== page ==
Marta Goszczynska is Assistant Professor in the Department of British Literature and Culture at the University of Lodz, Poland. She gained her Ph.D. in 2006 with a dissertation that explored the hybrid nature of late-twentieth-century neo-Victorian fiction. Her research interests include women’s studies, neo-Victorianism and metafiction. She has published, both nationally and internationally, on such diverse authors as William Trevor, Sarah Waters, Graham Swift, Valerie Martin, Jane Urquhart and Michel Faber. She is co-editor (with Katarzyna Poloczek) of Changing Ireland: Transitions and Transformations in Irish Literature and Culture (University of Łódź Press, 2010) and The Playful Air of Light(ness) in Irish Literature and Culture (Cambridge Scholars, 2011).

  • Sarah  Graham

    shsg1@le.ac.uk -- University of Leicester

    Lecturer in American literature. Special interest in representations of adolescence, gender and sexuality, the American short story, and texts about HIV/AIDS.

  • Katie  Gramich

    GramichK@cf.ac.uk -- Cardiff University

  • Yvonne  Griggs

    ygriggs@une.edu.au -- UNE

    Dr Griggs is a lecturer in Media & Communications at UNE. Her research areas include Adaptation Theory, the Adaptation of Literature to Screen, Shakespeare on Screen, and Screenwriting. She is currently working on a monograph titled The Bloomsbury Introduction to Adaptation Studies (Continuum/ Bloomsbury), and she has an established publication record in the field of Adaptation Studies. Her most recent outputs include "Writing for the Movies: Writing and Screening Atonement," (in A Companion to Literature, Film and Adaptation, Wiley Blackwell, October 2012); King Lear on Screen (monograph published by Methuen, 2009); and articles in a number of international peer-reviewed journals (Adaptation, The Journal of Adaptation in Film and Performance, Literature/Film Quarterly).

  • mary lee  grisanti

    marylee18@aol.com -- school of visual arts

  • melanie  grué

    melanie.grue@hotmail.com -- université Paris Est Creteil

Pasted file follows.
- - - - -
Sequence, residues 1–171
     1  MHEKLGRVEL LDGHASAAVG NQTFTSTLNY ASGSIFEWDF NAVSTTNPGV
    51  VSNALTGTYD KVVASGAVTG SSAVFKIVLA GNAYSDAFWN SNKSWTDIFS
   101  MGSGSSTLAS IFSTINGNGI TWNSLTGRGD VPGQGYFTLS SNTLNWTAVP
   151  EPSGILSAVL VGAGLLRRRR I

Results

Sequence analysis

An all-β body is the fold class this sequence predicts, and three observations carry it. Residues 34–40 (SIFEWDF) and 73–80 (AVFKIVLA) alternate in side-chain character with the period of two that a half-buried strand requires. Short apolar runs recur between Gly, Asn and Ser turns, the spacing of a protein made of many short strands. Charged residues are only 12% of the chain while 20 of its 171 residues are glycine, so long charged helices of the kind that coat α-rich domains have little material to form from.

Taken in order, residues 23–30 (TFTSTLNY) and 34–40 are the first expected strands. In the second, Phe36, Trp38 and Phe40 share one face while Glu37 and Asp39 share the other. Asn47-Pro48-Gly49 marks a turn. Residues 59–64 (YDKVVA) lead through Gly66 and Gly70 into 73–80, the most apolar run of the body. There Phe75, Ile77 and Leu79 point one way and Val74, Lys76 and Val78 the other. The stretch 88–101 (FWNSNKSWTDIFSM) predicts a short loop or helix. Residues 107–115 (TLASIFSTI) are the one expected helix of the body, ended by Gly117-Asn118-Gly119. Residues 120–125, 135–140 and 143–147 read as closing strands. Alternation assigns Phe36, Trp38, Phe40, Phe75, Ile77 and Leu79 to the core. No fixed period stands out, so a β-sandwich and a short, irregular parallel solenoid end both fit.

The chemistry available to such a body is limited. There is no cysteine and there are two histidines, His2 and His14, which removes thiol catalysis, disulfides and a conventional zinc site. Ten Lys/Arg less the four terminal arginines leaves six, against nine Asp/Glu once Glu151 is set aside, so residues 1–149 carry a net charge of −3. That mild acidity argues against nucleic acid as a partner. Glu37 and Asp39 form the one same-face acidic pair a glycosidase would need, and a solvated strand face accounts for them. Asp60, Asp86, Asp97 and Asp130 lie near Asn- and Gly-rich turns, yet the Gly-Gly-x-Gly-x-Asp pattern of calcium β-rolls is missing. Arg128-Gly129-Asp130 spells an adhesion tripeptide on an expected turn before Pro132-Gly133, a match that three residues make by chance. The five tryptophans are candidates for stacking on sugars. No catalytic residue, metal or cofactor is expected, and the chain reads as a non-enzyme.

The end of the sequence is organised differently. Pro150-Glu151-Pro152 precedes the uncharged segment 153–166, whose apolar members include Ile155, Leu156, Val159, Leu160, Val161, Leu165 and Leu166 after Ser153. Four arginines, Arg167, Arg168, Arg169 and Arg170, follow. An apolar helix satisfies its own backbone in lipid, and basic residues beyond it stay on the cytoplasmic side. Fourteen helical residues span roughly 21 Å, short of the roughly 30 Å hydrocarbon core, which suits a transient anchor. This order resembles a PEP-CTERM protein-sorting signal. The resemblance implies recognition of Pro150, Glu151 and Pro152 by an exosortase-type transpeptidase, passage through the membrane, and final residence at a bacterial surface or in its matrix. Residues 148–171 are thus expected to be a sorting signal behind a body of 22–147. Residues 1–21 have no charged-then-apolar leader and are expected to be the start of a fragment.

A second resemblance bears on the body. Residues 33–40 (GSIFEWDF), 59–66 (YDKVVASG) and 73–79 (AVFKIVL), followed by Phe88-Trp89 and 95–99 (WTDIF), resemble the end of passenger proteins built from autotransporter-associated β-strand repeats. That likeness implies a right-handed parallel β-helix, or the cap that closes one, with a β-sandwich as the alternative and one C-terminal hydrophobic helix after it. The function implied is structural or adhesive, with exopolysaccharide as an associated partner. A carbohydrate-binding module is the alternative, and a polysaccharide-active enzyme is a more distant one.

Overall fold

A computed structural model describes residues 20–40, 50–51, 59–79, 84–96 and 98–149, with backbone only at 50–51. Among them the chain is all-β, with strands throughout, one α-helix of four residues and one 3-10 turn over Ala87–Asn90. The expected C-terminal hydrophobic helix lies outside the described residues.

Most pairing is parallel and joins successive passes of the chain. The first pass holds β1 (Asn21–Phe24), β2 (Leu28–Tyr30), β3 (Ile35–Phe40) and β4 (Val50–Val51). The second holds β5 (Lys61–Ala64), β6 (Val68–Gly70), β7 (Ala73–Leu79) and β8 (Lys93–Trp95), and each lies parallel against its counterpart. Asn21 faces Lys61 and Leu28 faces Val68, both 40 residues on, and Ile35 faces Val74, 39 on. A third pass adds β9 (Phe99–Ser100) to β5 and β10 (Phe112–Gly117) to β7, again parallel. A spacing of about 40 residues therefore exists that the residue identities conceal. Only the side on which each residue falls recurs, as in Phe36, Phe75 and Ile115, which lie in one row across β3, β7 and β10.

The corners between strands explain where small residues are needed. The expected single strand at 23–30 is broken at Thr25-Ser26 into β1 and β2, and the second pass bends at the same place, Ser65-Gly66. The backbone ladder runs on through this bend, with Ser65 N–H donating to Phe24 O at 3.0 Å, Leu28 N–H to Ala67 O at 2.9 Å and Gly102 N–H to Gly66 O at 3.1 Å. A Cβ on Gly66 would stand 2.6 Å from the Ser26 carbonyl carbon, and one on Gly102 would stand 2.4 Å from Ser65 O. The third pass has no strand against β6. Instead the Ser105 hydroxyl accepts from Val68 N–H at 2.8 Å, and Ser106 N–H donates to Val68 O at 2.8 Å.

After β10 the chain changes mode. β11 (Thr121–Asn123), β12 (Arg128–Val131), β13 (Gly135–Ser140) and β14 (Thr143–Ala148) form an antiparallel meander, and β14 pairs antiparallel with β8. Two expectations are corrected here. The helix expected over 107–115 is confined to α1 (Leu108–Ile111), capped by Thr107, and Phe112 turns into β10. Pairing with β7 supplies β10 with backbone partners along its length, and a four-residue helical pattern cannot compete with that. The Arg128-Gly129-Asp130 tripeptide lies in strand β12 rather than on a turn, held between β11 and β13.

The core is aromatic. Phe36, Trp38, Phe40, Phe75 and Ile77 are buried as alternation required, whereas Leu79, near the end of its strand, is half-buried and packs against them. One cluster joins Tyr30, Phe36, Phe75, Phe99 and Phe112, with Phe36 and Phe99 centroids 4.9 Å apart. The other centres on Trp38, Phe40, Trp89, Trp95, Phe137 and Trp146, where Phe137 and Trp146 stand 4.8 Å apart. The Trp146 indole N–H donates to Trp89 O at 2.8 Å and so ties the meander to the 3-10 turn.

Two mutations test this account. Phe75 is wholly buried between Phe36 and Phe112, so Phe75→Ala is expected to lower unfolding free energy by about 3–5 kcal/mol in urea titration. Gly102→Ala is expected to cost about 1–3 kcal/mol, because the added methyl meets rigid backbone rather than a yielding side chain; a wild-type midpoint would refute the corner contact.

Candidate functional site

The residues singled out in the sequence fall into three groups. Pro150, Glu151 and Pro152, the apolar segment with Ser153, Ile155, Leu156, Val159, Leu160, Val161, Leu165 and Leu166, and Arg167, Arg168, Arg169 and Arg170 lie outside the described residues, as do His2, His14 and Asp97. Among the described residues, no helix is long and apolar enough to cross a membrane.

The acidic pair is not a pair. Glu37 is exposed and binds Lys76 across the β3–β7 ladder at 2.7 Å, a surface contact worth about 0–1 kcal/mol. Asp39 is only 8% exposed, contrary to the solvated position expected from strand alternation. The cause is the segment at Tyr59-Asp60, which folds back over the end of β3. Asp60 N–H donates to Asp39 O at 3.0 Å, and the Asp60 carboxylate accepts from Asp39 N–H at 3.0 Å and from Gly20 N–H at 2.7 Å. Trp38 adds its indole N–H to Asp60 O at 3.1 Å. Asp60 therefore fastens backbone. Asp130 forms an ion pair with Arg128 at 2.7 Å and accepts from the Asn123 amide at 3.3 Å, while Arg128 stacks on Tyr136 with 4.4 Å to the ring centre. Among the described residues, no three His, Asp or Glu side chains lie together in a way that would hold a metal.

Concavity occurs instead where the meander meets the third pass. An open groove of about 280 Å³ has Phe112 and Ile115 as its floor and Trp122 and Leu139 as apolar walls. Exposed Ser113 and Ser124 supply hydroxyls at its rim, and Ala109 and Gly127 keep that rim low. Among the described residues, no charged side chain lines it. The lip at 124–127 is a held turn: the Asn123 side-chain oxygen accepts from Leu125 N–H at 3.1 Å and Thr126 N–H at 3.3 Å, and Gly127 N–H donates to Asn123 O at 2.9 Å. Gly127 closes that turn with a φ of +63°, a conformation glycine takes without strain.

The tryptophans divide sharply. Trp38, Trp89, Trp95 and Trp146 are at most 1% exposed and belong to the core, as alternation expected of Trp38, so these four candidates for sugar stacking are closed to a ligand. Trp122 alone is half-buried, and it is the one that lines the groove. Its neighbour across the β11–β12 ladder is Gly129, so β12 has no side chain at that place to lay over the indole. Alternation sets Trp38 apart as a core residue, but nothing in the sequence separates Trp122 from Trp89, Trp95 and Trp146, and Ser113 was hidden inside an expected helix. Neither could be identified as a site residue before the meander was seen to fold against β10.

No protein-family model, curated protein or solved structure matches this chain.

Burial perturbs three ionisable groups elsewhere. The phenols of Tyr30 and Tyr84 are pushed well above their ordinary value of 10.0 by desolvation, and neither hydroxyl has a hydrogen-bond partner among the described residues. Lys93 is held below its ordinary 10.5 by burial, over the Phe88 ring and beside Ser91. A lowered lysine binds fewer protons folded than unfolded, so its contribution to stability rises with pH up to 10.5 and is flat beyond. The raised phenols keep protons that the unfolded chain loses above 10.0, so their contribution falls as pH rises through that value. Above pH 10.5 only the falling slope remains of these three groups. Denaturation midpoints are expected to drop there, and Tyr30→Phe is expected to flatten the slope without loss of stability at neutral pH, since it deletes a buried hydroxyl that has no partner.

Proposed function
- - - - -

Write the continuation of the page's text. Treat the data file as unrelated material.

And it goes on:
Mélanie Grué defended her PhD, "queer grotesque and abject knowledge in the work of Dorothy Allison," in December 2013. She currently teaches at Universite Paris Est. Her fields of interest are gay, lesbian and queer studies, women’s, gender and trauma studies, testimonial literature and American feminist theory. She is the author of « Déshumanisation, réification et célébration de l’humain: le témoignage minoritaire de Dorothy Allison" (Travaux en cours, n°6, December 2010) , « ‘Behind the story I tell is the one I don’t’ : Le cri silencieux de l’enfant abusée dans l’œuvre de Dorothy Allison » (Loxias, n°32, March 2011), "le rejet de l'autre bchez Dorothy Allison, de la marginalisation au refus d'intégration" (Cycnos, n. 28, 2012), "Trauma and Survival in Dorothy Allison's Bastard Out of Carolina, or the Power of Alternative Stories" (in S. Pellicer-Ortin and S. Andermahr, Trauma Narratives and Herstory, Palgrave Maxmillan, 2013).

  • Peonia  Guedes

    peoniaguedes@terra.com.br -- Universidade do Estado do Rio de Janeiro - UERJ

    Full Professor of Literatures in English at the Universidade do Estado do Rio de Janeiro. Works with issues related to gender and ethnicity in contemporary literatures in English

  • Jennifer  Gustar

    jennifer.gustar@ubc.ca -- University of British Columbia

    Jennifer Gustar is Association Professor and Department Head of Critical Studies at the University of British Columbia Okanagan Campus in Canada. Her research focus is contemporary women's writing with an emphasis on women writing in the UK and, in particular, the emergence of contemporary women writing the 'postcolonial UK' from the position of multiple diasporas. Dr. Gustar has published on the work of Jeanette Winterson, Angela Carter, Zadie Smith, Elizabeth Knox and Anita Rau Badami. She is accepting graduate students who wish to pursue research in Contemporary Women's Writing in an Interdisciplinary context.